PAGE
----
Lists Home |
Date Index |
An idle (but perhaps relevant) question:
Doesn't the ability to establish ontologies require that all ontological
transforms act upon data that has identical atomicity?
In case I didn't state that properly, let's take for example the
portmanteau word 'chortle', which is a combination of 'snort' and 'chuckle'.
In one sentence they may be separate ontological constructs: "He snorted as
he chuckled." One could map the sentence fragment 'snorted as he chuckled'
to 'chortled'. However, there are myriad similiar fragments to map:
"He snortingly chuckled."
"He had outbreaks of snorting between his chuckles."
"He chuckled in a snorting fashion."
All of these of course mean, "He chortled."
It's a frivolous example, but the point is a serious one: domains often
normalize data according to their needs or custom. For languages without a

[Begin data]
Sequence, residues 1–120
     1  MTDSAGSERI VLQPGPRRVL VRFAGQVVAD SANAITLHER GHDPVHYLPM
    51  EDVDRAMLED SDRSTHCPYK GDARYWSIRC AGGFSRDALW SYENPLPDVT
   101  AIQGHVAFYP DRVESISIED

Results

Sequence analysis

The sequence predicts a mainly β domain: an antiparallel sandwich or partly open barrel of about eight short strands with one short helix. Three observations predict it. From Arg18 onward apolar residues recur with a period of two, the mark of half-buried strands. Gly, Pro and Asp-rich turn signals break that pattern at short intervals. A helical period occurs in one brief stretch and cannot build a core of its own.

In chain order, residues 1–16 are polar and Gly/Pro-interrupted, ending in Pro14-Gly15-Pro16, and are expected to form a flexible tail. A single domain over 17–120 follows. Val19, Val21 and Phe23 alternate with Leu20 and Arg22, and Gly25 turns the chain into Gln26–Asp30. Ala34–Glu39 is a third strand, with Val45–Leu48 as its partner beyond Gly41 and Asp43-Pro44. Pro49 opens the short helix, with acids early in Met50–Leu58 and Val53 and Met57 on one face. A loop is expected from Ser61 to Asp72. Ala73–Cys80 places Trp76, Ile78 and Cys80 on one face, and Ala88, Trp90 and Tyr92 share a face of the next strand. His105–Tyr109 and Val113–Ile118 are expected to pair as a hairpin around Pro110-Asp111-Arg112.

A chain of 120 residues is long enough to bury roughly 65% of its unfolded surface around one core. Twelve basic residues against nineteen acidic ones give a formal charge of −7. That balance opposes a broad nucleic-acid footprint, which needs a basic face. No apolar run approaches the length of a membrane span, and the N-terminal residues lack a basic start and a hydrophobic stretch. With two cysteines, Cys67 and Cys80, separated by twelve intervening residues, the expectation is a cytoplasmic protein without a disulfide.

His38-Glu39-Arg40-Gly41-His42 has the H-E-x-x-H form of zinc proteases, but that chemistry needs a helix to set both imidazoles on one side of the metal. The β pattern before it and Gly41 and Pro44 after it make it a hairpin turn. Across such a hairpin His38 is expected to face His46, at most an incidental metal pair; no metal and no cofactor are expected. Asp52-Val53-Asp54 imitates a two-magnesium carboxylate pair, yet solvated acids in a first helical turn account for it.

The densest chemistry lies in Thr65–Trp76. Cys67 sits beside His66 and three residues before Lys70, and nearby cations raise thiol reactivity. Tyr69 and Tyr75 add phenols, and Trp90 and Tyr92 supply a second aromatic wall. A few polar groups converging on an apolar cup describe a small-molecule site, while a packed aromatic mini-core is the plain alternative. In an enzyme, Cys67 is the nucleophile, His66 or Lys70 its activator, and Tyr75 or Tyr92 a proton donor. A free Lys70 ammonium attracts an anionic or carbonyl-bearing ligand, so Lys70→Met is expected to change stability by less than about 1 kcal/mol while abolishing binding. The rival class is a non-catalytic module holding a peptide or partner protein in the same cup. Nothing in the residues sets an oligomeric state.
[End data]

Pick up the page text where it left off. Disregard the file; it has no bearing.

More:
Lewis Caroll, snorting a chuckling may remain forever separate. In some
domains, an address may be three fields, others five.
I guess what I'm asking: Is there really a way to come up with a general
ontological scheme that doesn't resort to rules that involve sophisticated
and arbitrary syntax analysis or pre-ontological normalization of data
across target domains?
(And I know Len's going send me links to incredibly dense philosophical
treatises, but I guess that's the price I pay for being curious.)